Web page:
BNY Mellon shareholders vote against splitting CEO and chairman jobs
Bank of New York Mellon Corp. is facing increasing discontent from shareholders who worry about Chairman and CEO Gerald Hassell's dual executive roles and how the company has managed expenses and growth.
Hassell beat back an attempt by shareholders at the company's annual meeting on Tuesday to strip him of his dual titles. But he couldn't avoid questions and criticism about the company's performance and business strategy.
In recent weeks, the bank has come under fire for lagging behind competitors in attracting retail investors to investment products such as the Dreyfus Funds. Some shareholders and analysts want the company to sell its asset management business and do more to reduce expenses.
Analyst Mike Mayo, who represented Calyon Securities Inc., peppered Hassell with questions, saying that BNY Mellon's expenses are still too high “seven years after the merger” of the Bank of New York and Mellon Financial Corp.
“Why isn't the profit margin 20 percent higher?” Mayo asked. “The merger was predicated on higher returns. ... Costs are one of the biggest concerns.“
Mayo asked Hassell whether the bank has too many employees, why management hasn't taken more aggressive action to cut expenses, about his personal use of corporate aircraft and why it hasn't appointed new members to the board of directors since the merger.
BNY Mellon had embarked on a plan in 2011 to cut $700 million in expenses over three years by closing some wealth-management offices, operating improvements such as consolidating computer applications, centralizing purchasing and bringing software development in-house, but without significant job cuts. In November, it said achieved its goal a year ahead of schedule.
BNY Mellon, the world's eighth-largest asset manager, handles about $1.6 trillion in investments for institutions and wealthy individuals. It provides bookkeeping and other administrative services for $27.6 trillion-worth of investments, making it the world's largest custody bank.
Mayo suggested that the company should sell its asset management business to generate cash for the company and return value to shareholders. He recommended that the board conduct an independent review of a sale of all or part of the unit.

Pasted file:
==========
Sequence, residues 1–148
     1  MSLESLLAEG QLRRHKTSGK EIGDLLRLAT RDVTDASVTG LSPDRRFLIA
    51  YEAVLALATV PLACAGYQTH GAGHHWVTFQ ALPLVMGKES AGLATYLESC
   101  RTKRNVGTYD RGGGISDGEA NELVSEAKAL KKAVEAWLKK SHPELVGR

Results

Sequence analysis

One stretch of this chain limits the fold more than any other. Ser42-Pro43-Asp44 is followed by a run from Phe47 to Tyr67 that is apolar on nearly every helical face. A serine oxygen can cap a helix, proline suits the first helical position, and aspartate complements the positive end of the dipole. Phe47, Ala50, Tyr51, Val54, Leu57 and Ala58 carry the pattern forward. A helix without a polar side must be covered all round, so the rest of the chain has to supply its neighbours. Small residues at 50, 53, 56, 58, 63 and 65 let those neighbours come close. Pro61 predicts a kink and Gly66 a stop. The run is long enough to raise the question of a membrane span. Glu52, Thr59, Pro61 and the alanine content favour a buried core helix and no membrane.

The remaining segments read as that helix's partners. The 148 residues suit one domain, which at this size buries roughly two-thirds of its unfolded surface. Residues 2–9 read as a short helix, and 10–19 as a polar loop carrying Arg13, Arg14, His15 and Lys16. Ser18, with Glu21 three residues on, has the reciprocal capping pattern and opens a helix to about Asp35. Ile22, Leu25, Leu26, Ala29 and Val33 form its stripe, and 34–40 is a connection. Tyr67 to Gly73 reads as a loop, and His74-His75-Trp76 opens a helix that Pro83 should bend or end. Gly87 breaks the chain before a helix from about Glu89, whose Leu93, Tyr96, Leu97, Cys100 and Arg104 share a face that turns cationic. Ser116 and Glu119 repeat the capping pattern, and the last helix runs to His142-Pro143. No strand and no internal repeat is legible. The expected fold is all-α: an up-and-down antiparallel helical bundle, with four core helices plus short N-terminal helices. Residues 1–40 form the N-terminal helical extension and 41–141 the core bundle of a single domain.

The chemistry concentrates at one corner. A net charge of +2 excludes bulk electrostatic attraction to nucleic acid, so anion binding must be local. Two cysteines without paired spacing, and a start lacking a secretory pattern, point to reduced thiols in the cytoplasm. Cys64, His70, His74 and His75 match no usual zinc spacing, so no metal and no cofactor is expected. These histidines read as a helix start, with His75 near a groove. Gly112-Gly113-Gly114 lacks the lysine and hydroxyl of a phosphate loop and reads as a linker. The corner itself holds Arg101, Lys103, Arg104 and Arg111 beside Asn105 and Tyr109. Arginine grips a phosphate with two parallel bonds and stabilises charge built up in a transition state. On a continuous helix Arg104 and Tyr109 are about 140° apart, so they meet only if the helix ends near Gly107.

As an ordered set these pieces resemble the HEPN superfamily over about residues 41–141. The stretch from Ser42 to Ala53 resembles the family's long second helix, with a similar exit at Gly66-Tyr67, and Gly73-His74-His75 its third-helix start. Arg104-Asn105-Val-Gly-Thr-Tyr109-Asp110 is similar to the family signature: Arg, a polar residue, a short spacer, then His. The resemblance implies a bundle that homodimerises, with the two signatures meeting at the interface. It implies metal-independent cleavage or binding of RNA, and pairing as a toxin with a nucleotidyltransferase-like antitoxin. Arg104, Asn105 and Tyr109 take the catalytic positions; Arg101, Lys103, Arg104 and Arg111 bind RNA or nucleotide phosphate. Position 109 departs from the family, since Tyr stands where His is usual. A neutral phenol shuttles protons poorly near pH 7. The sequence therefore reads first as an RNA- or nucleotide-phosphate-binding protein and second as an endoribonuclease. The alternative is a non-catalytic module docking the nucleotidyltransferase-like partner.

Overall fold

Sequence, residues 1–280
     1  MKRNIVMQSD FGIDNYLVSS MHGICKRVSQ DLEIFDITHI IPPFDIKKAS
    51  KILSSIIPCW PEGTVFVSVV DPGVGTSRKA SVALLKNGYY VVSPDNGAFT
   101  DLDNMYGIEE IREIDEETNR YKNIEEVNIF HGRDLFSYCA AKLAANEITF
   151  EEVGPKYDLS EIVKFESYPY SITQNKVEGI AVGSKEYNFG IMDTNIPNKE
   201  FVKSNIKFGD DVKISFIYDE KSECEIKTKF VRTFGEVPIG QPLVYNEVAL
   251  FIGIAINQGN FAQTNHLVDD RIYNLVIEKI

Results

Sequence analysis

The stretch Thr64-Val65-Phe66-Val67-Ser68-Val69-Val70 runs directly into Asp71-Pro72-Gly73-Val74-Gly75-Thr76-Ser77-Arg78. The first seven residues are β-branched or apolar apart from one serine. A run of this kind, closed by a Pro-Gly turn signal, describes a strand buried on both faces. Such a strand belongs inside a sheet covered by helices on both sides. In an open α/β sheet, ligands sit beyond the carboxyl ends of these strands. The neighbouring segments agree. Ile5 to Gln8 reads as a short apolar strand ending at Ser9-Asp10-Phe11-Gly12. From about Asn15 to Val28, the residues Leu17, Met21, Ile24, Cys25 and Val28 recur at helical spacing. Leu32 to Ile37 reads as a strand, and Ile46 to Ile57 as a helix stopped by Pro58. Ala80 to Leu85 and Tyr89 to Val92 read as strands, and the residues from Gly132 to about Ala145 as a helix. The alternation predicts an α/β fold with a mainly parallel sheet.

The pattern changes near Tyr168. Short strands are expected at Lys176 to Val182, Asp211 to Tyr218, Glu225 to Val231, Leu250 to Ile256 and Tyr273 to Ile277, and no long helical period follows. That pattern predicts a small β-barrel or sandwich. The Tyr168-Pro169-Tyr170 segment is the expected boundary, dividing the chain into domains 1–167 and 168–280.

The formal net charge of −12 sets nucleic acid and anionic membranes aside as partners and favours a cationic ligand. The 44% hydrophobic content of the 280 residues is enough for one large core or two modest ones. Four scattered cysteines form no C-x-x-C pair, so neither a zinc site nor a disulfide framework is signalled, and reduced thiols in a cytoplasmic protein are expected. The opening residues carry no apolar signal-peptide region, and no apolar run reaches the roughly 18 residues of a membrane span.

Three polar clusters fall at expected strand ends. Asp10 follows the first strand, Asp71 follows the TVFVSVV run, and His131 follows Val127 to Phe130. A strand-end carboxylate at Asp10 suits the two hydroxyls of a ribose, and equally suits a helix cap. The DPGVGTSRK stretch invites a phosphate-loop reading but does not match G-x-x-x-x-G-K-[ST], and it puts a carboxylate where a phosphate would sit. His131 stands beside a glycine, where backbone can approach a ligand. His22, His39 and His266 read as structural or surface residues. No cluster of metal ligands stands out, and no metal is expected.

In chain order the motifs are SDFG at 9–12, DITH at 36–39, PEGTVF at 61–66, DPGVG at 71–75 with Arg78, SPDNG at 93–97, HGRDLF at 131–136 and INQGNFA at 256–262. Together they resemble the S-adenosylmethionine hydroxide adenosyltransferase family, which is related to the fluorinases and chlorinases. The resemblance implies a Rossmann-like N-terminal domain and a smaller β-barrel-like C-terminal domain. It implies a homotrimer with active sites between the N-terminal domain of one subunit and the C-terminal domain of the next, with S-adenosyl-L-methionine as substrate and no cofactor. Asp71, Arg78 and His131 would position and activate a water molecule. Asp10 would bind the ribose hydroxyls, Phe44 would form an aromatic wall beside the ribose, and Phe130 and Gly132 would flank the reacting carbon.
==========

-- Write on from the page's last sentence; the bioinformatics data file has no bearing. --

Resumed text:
“Why wouldn't the sale of asset management be of benefit to the firm,” Mayo asked in one exchange. “It seems like there's a lot of trapped value in BNY Mellon.”
Hassell responded, “We don't see a benefit at this point in time of a spinoff or separation of investment management. We've done the numbers, and we said several times if it made sense, we'd look at it.”
But the bank has sold or shut down some units that didn't perform, Hassell said, telling shareholder Vic Cunningham that some units in Japan and Mexico were sold.
Hassell called BNY Mellon the “investments company for the world,” because of strong positions in both managing investments for clients and in holding assets in its custody business.
But he was less buoyant about how the bank did in 2013, saying it “was a pretty good year despite facing some ongoing, sizeable challenges that are unique to us.” Those included rebates of money market fees to keep clients and weakness in corporate trust, which handles debt for companies. Together, those problems cut profit margins by about 2.6 percent, “quite a sizable headwind to overcome,” Hassell said.
The bank also had lower net income in 2013 of $2 billion, or $1.74 a share, down from $2.4 billion, or $2.03 a share, in 2012.
Last week, Reuters reported that BNY Mellon's investment management chief Curtis Arledge is on the hot seat because of weakness in the retail part of its asset management business. The company is looking to attract more retail investors to its Dreyfus mutual funds unit. It ranks 37th by assets in the United States among mutual fund families, with $290 billion, down from 25th in 2005 and 34th in 2010, according to Morningstar.
Arledge said BNY Mellon is only in the early stages of a strategy to attract retail investors but expects tangible progress by this summer, Reuters said. The bank paid Arledge $12.26 million in 2013, compared to Hassell's $9.45 million, according to a securities filing.
Darryl Taylor, a representative of AFL-CIO and the Utility Workers of America, spoke in favor of the shareholder resolution to split the jobs of CEO and chairman. The bank had recommended against the proposal, saying it would not be in the best interest of our stockholders.
The idea has been promoted by shareholder advocates as a way to improve corporate governance. In recent months, corporations such as U.S. Steel Corp. and Walt Disney Co. have separated the jobs.
“How can the CEO be his own boss?” Taylor asked, saying the combined job, how held by Hassell, is not enough protection for shareholders. He noted that First Energy Corp. recently appointed an independent chairman, and said BNY Mellon “should do the same thing, so our CEO can focus on improving returns for the shareholders.”
Shareholders voted against the proposal, with 78.3 percent voting no.
John D. Oravecz is a staff writer for Trib Total Media.
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